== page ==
DAVID ADJAYE

PUBLICNESS AS A CONDITION OF POTENTIALITY AND PAROCHIALISM: 8:40AM: N.16 7 DR: 9:00AM: E1 1BU

Every Tuesday, Wednesday, and Thursday morning, I leave my house on Osbaldeston Road in Stoke Newington N–16, turn right, then left down Casenove Road, past the Rabbi School and the Gujarati Muslim Centre, past the bearded Hassidic patriarchs, heads bent in conversation, past the Muslim youth talking about the new Nokia 770 to Stoke Newington High Street, where I enter the empty station, descend the stairs to take the 9:15am overground train to Whitechapel. I exit right, walk under the tunnel, bear right across the concrete playground with the red diagonal sculptures, and keep going until I reach Whitechapel High Street.

There I turn right again and enter Whitechapel tube; bound for platform 5 East London Line to New Cross for Goldsmiths College. This route, by sheer luck, has allowed me to witness the inauguration of David Adjaye’s Whitechapel Idea Store. For a long while, I became a human steadicam, staring at the partial volume of the West façade, the laminated green and blue glass panels that picked up, amplified, and projected the striped canopies of the High Street market stalls. Over time it became clear that the Idea Store was, and is, a very peculiar building; in fact it was nothing less than a new building type for London, a five storey block of libraries and classrooms, a crèche, a dance studio, and a cafe whose nearest relative might be Toyo Ito’s Mediatheque in Sendai, Japan.

adjaye_02_ret

What struck me, and what continues to provoke, was how quickly this new structure infiltrated itself into the Muslim vernacular of High Street. David Adjaye had designed an event that could contribute to the defiantly parochial complexity of everyday life. Adjaye’s singularity lies here: in creating spaces that allow for an engagement with the sociality of the urban, his buildings do not repair or rescue or regenerate publicness; rather, they find ways to infiltrate the condition of publicness with potentiality.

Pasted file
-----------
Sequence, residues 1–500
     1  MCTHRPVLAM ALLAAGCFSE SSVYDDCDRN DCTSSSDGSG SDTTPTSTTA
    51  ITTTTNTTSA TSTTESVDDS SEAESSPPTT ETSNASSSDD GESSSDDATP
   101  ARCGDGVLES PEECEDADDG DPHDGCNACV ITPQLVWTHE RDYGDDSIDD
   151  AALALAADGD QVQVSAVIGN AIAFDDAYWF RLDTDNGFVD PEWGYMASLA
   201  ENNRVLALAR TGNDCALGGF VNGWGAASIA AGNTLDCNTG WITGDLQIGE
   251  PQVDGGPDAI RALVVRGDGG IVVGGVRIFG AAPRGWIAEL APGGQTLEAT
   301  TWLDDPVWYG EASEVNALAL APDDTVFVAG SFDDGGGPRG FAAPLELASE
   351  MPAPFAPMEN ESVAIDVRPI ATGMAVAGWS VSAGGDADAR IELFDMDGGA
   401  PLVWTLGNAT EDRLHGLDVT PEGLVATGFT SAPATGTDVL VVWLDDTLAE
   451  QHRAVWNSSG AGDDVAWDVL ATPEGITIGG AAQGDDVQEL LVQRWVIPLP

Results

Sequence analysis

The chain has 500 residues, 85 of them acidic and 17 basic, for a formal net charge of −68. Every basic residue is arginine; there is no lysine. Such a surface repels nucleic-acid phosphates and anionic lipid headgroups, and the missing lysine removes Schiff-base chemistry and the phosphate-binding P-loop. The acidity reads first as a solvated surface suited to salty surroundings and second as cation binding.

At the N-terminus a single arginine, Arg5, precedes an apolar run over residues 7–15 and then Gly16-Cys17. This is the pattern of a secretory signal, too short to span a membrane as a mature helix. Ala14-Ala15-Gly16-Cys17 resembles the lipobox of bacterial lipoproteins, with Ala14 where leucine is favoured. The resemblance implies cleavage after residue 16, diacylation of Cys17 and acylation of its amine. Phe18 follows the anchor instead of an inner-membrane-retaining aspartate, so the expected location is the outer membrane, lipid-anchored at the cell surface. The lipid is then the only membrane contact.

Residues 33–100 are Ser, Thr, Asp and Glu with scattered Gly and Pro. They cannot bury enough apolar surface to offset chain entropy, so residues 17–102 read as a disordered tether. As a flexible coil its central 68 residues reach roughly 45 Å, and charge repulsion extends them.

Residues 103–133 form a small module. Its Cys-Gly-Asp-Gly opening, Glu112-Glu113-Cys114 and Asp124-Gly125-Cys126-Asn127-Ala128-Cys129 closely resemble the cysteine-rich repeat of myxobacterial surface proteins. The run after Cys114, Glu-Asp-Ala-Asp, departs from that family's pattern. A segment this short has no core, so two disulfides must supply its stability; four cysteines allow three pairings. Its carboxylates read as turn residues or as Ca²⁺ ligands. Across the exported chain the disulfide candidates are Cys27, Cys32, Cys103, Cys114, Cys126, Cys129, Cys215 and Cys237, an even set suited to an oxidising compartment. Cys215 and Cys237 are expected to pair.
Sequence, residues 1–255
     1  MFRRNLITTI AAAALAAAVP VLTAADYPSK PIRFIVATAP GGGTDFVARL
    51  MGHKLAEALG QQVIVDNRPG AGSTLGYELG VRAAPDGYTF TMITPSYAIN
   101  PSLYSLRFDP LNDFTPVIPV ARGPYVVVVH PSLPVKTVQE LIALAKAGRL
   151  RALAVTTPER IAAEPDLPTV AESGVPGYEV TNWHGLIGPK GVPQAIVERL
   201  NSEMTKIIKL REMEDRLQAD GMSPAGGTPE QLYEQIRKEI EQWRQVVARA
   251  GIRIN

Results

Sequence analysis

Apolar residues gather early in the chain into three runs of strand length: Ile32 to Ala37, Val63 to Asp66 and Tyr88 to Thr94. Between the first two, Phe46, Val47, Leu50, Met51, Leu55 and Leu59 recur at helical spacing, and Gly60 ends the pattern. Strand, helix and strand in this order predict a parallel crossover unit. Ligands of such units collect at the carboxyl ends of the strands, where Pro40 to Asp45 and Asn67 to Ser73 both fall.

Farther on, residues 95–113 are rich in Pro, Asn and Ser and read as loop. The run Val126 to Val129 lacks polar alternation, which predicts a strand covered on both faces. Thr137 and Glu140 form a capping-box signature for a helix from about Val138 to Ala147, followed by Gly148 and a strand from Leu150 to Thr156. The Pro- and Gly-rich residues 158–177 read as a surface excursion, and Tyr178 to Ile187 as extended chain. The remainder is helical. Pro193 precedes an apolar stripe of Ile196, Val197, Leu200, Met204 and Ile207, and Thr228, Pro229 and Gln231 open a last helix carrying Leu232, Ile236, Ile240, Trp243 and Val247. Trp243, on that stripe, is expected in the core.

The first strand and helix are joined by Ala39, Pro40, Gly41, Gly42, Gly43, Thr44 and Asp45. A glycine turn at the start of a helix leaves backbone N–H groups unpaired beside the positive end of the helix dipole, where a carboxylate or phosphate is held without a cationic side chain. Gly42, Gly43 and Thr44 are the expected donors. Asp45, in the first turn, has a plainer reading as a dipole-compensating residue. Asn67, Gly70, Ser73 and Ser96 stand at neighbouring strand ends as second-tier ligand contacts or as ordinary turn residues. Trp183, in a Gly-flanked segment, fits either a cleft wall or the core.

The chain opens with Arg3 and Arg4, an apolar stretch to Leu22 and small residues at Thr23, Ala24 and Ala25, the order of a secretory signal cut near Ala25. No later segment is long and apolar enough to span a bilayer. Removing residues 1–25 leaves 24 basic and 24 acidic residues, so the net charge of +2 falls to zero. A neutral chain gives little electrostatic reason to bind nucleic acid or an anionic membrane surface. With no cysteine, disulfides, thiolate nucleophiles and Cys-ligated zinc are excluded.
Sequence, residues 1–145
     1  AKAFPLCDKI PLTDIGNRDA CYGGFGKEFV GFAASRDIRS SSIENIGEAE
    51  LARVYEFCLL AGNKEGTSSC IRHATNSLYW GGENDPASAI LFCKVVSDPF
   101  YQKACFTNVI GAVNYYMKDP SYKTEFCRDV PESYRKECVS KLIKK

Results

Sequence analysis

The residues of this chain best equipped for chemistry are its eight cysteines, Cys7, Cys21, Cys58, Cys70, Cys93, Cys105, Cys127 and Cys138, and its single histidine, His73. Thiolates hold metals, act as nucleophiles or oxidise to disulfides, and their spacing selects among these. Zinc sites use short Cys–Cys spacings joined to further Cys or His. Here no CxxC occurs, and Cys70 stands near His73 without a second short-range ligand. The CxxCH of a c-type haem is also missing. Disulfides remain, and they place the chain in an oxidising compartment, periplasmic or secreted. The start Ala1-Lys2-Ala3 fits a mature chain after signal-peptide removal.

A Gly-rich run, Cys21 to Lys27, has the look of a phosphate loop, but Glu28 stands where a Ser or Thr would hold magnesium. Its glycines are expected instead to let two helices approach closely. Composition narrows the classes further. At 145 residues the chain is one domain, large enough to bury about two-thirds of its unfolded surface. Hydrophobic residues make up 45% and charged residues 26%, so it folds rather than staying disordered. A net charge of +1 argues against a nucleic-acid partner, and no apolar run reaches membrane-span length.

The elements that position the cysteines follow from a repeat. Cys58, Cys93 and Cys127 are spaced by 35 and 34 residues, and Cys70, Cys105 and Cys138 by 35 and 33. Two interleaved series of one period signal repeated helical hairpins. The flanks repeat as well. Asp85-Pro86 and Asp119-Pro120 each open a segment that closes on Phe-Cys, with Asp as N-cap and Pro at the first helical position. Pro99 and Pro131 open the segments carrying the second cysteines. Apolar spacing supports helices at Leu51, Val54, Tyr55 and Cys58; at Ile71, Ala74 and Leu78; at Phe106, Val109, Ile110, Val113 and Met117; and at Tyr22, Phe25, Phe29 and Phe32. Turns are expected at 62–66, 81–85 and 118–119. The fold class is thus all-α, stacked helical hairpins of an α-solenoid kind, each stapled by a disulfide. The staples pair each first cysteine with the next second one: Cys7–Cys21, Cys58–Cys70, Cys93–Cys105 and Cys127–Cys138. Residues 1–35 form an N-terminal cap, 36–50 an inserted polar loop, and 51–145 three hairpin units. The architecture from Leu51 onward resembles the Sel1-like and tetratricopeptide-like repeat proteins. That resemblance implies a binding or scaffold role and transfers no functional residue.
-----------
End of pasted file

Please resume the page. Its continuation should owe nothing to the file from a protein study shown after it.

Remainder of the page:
www.adjaye.com, www.ideastore.co.uk

 

Text by KODWO ESHUN, Photography JUERGEN TELLER

Related Content

  • AZZEDINE ALAÏA Loves Animals & Women

    Tunisian designer AZZEDINE ALAÏA speaks about the "wearable sexy" silhouette of modern women, fashion's one-way course to emptiness, time together, and the value of laughter. More
  • Deeper

  • ALL A DAT ALL A DAT: Rap Crew 67 Can Make Anything

    Members ASAP, Monkey, LD, Dimzy, Liquez, and SJ are branching out. “67 can release rizla,” says LD ahead of the UK drill collective’s appearance this weekend in Berlin. “Not everybody can do that. A lot of people are just rappers.”More
  • 032c Resist Collection

    032c Resist Pin

    €10
  • David Ostrowski Brings Bauhaus to Warsaw’s Galeria Wschód

    The painter David Ostrowski has been off the radar for the last few years. A former student of Albert Oehlen and graduate of the Kunstakademie Düsseldorf, Ostrowski is best known for his large abstract paintings, which often include the use of spray cans and a formalistic approach to shape. Now he's back, with a new body of work and two shows – the first of which opens in Warsaw at the progressive gallery space Wschód this weekend.More
  • 032c WWB Collection

    032c WWB Rugby Shirt Black

    €115
    Buy Now
  • Anders Haal and Nicole Walker Imagine Total Fluidity on Humanity’s Next Planet

    The late Stephen Hawking was convinced that humanity's time on Earth was coming to a close, and proposed Proxima Centauri b as a second planetary home. The transition off-world is one subject in a new fashion book by stylist Nicole Walker and Anders Haal, founder of Stockholm-based fashion label HAAL, that considers the illogic of borders on a cosmic scale. Here we preview the book's opening visual essay.More
  • 032c WWB Collection

    032c WWB “Chevignon by 032c” Cosmo Jacket Green

    €480
    Buy Now